Bed sores are a never ending problem facing nursing home and hospital patients who may be disabled or have limited physical mobility.When patients are permitted to sit or lay in one position for extended periods of time, the physical weight of their bodies pressed against the supportive surface (bed or wheelchair)– over an extended period of time– results in a breakdown of the tissue and skin and eventually an open wound develops known as a bed sore or perhaps more accurately a pressure sore.
In order to prevent this preventable medical condition, medical facilities have gone to great lengths to install specialized mattresses, cushions and other devices to assist in the prevention and treatment of this condition.
While some of these devices may be effective in combating this condition, nothing can take the place of hands-on care provided by skilled nursing staff who take the time to ‘turn’ or ‘rotate’ patients in order to help with the bodies’ natural circulatory process. Similarly, there’s yet to be a machine developed to help detect when a patient has soiled himself and needs to be changed. The bottom line is that bed sore prevention and treatment requires a good deal of physical labor at the hands of skilled workers.
When bed sores do develop on a patient during their admission to a medical facility, the overwhelming number of situations are due to staff not following the patient’s plan of care or simply ignoring their medical needs. In other words, the negligent care of staff. Out of the medical necessity presented by the development of a serious wound compounded by the poor reflection of quality care, many nursing homes and hospitals have made wound care a ‘normal’ part of patient care. Many facilities have teams of nurses and physicians on staff with the primary purpose of treating wounds as they develop.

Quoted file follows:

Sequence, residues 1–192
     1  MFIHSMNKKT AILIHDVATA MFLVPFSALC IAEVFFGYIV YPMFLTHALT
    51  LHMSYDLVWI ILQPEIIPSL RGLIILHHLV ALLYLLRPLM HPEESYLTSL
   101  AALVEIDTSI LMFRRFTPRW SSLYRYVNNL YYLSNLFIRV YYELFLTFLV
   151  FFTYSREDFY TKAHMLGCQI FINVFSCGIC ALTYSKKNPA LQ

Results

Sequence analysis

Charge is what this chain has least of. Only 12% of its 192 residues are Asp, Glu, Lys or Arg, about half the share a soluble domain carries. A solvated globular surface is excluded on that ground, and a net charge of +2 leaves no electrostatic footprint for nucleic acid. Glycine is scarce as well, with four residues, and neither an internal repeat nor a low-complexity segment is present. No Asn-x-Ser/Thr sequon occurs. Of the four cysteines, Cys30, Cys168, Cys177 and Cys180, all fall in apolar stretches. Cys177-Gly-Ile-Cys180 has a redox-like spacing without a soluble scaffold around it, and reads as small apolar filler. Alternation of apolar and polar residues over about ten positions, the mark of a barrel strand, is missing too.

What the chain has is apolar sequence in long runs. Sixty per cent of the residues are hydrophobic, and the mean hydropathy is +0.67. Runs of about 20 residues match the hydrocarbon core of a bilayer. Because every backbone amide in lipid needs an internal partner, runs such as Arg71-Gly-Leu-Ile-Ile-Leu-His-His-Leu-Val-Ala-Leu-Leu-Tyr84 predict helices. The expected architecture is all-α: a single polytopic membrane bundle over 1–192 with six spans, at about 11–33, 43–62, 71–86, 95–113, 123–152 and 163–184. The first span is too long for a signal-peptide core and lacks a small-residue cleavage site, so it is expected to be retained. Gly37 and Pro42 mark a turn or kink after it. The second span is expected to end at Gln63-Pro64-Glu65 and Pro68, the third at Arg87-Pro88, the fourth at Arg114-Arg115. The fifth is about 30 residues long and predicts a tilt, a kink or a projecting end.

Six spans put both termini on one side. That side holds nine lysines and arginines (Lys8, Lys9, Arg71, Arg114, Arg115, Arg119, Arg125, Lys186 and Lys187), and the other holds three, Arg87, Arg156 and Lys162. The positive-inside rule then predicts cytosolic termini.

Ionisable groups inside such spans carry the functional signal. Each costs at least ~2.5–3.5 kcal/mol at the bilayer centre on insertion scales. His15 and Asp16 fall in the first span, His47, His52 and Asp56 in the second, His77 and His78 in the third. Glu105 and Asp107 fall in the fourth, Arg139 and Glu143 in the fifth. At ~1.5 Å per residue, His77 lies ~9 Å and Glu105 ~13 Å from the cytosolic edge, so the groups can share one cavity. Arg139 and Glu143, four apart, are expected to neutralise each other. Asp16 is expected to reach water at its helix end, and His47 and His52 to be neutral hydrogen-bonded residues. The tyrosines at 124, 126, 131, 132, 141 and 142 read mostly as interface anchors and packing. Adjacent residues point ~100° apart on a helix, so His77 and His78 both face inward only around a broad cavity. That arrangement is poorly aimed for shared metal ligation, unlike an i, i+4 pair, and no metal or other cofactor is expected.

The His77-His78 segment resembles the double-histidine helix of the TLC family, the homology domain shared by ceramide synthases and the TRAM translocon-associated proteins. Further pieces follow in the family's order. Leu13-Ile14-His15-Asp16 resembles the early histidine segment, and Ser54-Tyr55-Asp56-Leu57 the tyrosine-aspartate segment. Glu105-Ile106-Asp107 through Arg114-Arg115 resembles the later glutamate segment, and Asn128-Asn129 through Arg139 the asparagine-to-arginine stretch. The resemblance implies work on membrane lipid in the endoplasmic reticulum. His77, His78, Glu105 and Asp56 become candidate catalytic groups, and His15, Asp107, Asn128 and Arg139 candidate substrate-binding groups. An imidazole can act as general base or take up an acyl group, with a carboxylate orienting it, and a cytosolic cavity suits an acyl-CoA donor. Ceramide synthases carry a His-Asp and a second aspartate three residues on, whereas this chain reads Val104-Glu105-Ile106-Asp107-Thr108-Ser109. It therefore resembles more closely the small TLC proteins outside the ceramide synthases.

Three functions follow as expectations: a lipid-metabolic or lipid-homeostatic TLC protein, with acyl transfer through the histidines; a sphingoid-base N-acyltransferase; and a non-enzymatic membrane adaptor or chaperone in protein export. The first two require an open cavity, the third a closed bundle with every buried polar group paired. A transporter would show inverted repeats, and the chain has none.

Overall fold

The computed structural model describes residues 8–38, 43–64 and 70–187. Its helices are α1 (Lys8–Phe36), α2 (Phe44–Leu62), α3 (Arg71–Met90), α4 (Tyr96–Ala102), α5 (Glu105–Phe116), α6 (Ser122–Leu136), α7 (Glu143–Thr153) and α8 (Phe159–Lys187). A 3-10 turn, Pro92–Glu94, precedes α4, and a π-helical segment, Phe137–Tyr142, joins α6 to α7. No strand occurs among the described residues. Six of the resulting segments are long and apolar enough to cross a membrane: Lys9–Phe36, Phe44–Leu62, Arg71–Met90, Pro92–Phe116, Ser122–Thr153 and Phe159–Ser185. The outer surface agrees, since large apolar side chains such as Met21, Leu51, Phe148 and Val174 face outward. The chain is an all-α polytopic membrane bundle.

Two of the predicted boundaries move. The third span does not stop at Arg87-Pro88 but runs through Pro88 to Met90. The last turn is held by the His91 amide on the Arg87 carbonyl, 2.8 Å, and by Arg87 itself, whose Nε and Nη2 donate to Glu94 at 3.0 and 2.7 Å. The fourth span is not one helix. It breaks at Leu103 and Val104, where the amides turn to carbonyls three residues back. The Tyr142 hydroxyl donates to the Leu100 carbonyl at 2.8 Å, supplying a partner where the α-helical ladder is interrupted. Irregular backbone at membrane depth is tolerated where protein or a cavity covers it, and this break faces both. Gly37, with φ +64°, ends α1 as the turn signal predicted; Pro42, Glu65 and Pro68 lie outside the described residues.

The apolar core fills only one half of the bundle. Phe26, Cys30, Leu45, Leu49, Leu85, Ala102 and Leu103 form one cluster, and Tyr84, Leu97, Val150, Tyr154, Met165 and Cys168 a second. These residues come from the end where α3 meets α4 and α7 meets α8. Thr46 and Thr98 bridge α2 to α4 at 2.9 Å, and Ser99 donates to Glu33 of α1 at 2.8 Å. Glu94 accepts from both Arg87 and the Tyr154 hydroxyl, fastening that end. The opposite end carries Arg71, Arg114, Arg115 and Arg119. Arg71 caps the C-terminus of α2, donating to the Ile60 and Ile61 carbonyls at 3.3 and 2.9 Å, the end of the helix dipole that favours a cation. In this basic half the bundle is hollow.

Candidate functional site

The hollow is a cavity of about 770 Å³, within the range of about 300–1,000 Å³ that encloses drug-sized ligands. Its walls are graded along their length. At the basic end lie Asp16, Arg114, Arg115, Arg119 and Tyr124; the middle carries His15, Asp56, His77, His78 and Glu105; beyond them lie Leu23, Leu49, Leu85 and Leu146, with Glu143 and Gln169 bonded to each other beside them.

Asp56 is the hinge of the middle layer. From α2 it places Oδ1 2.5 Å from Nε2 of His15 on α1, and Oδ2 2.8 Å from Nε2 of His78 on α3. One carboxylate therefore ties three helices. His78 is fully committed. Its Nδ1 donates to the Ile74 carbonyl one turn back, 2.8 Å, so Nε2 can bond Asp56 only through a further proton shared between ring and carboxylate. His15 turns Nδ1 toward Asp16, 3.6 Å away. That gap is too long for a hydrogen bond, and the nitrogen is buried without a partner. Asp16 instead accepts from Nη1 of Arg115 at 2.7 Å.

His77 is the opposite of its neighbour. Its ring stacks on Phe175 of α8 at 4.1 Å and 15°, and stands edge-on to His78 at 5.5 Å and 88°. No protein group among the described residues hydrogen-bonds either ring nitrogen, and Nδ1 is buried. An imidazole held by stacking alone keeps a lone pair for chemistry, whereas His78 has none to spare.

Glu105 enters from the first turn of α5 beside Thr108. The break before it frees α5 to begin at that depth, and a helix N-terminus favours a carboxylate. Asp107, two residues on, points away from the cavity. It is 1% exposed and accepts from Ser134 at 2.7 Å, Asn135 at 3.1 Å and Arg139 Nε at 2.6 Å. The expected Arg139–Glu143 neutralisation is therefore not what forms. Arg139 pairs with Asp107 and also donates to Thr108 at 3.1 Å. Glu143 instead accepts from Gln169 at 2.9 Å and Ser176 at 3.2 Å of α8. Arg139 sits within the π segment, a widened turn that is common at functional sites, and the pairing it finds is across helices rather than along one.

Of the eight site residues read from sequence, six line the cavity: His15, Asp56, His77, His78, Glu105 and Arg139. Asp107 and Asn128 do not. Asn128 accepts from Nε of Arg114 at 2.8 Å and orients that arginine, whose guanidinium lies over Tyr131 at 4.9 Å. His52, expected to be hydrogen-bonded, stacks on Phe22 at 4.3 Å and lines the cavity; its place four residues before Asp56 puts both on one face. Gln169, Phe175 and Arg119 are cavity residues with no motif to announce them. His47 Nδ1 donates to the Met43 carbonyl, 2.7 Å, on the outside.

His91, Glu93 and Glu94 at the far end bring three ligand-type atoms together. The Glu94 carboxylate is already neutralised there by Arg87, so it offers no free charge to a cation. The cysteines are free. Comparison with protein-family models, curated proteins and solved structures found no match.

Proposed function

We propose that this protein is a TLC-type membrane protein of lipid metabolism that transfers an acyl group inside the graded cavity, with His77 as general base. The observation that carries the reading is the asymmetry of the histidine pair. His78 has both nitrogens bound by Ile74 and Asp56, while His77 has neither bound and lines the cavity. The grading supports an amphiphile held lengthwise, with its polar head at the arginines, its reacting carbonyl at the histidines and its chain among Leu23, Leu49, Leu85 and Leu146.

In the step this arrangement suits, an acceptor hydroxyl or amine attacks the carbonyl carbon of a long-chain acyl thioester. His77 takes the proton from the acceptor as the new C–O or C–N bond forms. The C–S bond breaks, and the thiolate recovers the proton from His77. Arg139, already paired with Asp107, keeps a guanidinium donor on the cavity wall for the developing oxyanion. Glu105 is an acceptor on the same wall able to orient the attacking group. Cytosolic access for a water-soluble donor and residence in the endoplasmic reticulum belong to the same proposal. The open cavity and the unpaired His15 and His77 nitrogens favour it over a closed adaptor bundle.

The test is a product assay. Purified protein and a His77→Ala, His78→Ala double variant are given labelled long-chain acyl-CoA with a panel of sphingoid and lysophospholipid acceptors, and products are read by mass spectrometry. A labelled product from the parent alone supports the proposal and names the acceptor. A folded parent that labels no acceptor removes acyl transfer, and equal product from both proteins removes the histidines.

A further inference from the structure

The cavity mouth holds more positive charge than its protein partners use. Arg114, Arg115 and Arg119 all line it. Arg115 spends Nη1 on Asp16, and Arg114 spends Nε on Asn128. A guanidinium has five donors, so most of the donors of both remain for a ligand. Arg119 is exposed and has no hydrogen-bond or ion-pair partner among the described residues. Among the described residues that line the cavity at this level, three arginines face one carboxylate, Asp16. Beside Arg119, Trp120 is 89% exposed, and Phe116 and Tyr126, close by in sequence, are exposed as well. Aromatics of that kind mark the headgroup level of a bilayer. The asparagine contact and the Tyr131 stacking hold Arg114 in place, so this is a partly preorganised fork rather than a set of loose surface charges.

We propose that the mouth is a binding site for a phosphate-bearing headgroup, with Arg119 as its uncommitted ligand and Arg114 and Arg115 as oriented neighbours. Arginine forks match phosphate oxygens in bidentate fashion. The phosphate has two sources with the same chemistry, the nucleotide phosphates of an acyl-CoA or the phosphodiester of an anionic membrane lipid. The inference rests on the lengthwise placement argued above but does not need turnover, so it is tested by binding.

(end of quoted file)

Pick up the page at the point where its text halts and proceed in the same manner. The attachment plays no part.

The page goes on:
After reading a report about how the manufacturers of Xexaderm, a cream manufactured by and distributed by Healthpoint Ltd. and DFB Pharmaceuticals, were charged with Medicaid fraud by marketing the cream to nursing homes as a cure for bed sore I was (once again) reminding about the lengths facilities will go to attempt to cover up this incredibly prolific example of inferior medical care. The companies have agreed to reimburse the Medicaid programs at 46 states ($33 million) for intentionally promoting a drug that was based upon the formula of a predecessor that the FDA had deemed to ineffective in treating bed sores.
While I always find it somewhat refreshing when corporations are called out for situations where they have intentionally deceived consumers, I question how this ineffective drug even made it into the repertoire of nursing homes’ wound care programs? Is there no oversight at these facilities when it comes to dispensing medication to their sick and frail patients that has no proven benefit? Clearly, these facilities have a sense of desperation when it comes to covering up their wrongs.